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Right on track

I blogged back in January that I had registered for the Sporting Life 10km. This was part of my New Year's resolutions to lose weight and get my 10km time under 50 minutes.

Well, the run was this past Sunday, and my time was 50 minutes 12 seconds. So close! I'm pretty happy with my time though, I felt like I pushed myself a lot harder than I did at the Harry Rosen Spring Run Off in April, and I managed to improve my pace from 5:14 per kilometer to 5:01 per kilometer.

The other part of my New Year's resolution, to lose weight, is coming along a bit more slowly. I have shed a few pounds since January, but nowhere near the amount I was hoping to. Still, I'd rather be slightly more fit and heavier than out of shape and lighter!

Quest for the Perfect Storage Solution!

I spent a little bit of time today looking into some of the storage solution choices out there.  I was mainly concerned with systems supported under Linux, but I didn't limit myself to just those.

My quest started this morning when I read a post on Gizmodo: Buffalo DriveStation: Serial ATA, Fanless Design. I had heard of Buffalo Technology before, I've often considered buying one of their products, or something like it.  What could be better than a 2 Terabyte box that you just plug into your network and configure?  Well...The Perfect Storage Solution of course!

A few simple use cases may describe what I'm looking for.  First, if a drive fails, I want to be able to replace it with no downtime, loss of data, and using any drive of sufficient size (at least as large as the one that failed) that I have on hand.  Second, if I'm running out of free space, I want to be able to add a brand new drive and start using it.  Third, if there is no more physical room for a new drive, I want to be able to migrate data off of the one of the drives (probably the smallest/oldest one), to make room for a newer, larger drive.  I suppose this is a direct consequence of satisfaction of the first requirement.

Out of these simple cases, I can distill a few must-have features:

  • Scalable! I should be able to add more space to this thing with a minimum of hassle.  I consider having to unmount a filesystem, grow the partition, then grow the filesystem a hassle.  I also consider having to get drives of exactly the same size as the drives already in there a hassle too.  I want to add more space, not replace the space I have!  LVM comes close to achieving this.
  • Fault tolerant: The Perfect Storage Solution should be able to handle at least one of the drives failing.  Better would be the ability to handle n drive failures.  RAID-5/RAID-6 work well here, but fail the scalability requirement.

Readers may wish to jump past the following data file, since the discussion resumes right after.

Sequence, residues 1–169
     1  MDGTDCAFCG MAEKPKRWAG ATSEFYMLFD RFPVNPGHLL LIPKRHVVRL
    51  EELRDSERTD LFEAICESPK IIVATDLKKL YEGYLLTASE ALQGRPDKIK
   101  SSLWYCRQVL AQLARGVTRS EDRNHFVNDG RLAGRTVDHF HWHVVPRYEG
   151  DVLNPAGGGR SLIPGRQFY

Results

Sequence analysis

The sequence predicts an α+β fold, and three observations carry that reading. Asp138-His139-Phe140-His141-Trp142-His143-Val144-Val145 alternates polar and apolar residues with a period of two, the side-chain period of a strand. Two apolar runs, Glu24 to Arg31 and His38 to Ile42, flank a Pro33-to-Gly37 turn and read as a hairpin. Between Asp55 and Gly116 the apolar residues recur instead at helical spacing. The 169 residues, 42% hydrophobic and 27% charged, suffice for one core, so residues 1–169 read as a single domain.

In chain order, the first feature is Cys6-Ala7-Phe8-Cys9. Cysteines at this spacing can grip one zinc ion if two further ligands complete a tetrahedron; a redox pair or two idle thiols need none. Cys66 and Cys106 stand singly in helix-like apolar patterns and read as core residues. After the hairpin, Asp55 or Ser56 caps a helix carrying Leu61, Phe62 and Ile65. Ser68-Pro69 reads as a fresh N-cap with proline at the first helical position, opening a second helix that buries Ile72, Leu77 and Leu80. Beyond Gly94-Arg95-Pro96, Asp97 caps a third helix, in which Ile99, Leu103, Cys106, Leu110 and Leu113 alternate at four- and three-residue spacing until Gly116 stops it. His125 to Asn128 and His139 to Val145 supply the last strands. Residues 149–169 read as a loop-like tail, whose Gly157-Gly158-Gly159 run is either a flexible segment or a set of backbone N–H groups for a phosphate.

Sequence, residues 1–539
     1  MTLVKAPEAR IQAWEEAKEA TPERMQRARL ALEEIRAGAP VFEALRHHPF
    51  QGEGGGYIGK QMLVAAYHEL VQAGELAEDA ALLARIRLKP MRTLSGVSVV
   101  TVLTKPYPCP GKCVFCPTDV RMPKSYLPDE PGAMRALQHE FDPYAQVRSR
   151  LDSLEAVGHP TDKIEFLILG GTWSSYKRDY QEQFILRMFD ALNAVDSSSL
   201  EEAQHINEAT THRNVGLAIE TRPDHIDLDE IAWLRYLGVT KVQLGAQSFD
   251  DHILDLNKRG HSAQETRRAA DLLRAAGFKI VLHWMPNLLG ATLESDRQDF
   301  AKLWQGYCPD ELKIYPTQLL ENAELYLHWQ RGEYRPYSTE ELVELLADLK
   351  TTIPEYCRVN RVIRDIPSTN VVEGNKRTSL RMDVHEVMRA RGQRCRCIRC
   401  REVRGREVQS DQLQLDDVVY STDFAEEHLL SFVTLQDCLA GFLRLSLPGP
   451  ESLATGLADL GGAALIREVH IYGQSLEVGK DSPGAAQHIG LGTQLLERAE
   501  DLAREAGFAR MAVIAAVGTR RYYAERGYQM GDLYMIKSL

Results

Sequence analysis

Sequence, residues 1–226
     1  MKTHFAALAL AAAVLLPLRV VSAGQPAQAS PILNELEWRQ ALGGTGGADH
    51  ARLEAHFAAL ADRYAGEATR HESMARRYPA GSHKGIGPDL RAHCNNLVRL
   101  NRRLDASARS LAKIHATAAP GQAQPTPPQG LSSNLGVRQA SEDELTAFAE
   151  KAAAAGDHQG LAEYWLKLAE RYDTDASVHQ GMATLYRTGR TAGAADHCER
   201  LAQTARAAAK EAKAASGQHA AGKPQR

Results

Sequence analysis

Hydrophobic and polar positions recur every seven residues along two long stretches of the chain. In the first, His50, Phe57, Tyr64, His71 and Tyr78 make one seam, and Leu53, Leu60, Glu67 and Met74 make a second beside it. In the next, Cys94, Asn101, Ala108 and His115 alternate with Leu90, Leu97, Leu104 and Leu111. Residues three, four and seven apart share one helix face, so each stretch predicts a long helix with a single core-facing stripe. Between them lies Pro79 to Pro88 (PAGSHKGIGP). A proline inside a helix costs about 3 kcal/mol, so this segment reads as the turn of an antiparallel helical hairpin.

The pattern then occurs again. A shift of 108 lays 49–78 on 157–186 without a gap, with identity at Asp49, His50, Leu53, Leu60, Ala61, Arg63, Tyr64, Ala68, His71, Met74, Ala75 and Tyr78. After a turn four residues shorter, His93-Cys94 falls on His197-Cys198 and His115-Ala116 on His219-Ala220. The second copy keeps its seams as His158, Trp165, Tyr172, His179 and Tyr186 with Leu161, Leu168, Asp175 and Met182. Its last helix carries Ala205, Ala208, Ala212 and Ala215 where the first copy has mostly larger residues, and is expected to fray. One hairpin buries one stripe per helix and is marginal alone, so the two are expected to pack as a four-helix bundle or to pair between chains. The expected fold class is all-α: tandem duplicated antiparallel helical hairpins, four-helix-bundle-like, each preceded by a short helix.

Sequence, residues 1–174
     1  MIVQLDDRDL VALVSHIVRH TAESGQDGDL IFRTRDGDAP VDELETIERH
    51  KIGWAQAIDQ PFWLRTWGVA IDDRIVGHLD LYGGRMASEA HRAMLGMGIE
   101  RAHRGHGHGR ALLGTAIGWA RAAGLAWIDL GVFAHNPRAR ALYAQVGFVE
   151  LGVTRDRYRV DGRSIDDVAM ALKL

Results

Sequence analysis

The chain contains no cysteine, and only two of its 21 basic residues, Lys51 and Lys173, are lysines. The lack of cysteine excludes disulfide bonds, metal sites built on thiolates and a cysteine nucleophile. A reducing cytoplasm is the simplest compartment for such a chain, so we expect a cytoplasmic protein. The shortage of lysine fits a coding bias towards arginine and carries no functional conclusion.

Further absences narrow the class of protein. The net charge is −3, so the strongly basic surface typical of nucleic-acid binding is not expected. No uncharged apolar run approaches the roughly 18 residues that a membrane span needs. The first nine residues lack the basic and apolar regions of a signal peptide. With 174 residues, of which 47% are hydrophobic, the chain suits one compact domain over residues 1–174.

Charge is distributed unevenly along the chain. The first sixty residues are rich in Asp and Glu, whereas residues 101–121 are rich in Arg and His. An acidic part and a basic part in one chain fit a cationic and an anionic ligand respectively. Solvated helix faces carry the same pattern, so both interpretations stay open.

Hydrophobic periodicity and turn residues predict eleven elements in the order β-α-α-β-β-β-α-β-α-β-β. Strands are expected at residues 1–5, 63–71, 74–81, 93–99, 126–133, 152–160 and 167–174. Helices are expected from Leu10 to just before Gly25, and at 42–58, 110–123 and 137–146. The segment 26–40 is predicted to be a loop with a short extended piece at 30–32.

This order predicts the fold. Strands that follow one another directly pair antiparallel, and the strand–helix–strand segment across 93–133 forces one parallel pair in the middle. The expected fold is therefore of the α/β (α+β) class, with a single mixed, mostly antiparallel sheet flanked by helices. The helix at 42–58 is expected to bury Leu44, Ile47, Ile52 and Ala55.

• Cheap!  I shouldn't need proprietary hardware/software for this.  I should just be able to add another drive to my enclosure and start using the space.  Or at the worst, buy another enclosure and add the new drive to the new enclosure :)
Some other nice features would be things like:
  • Snapshot support: great for backups, or when doing some kinds of admin work.
  • Very large filesystem support.  It's very easy to get more than a few terabytes of data (legitimately!) these days :)
And as long as I'm writing a wish list:
  • Transparent compression
  • Transparent encryption
  • Clustering (create one big pool of storage from drives scattered over a network)
So what's wrong with the devices like the one above?  Basically they don't scale well.  There's no nice way to integrate these things into one big pool of disk space.  You need to mess around with mount points, and put symlinks all over the place...unless you use LVM.

What's wrong with LVM?  It's not fault tolerant.  Sure, you can run LVM on top of a bunch of RAID devices.  But that means to add more storage in a fault tolerant way, you need to add a whole new RAID array since it's not really possible (as far as I know, somebody please correct me on this if I'm wrong!) to add a single drive into an existing RAID array.

Wikipedia's RAID page mentions the idea of a "write hole", and refers the reader to Jeff Bonwick's post on RAID-Z. The concept of the "write hole" does make some sense to me; basically if the drives lose power or crash while writing the parity data, then the data blocks and parity blocks may be inconsistent. It's not clear to me how RAID-Z solves this, and why you can't check those blocks when you restore power (especially when using some kind of journaled filesystem...although I suppose that the journal's parity data may have been corrupted as well!), but certainly data integrity is an issue that the Perfect Storage Solution must address!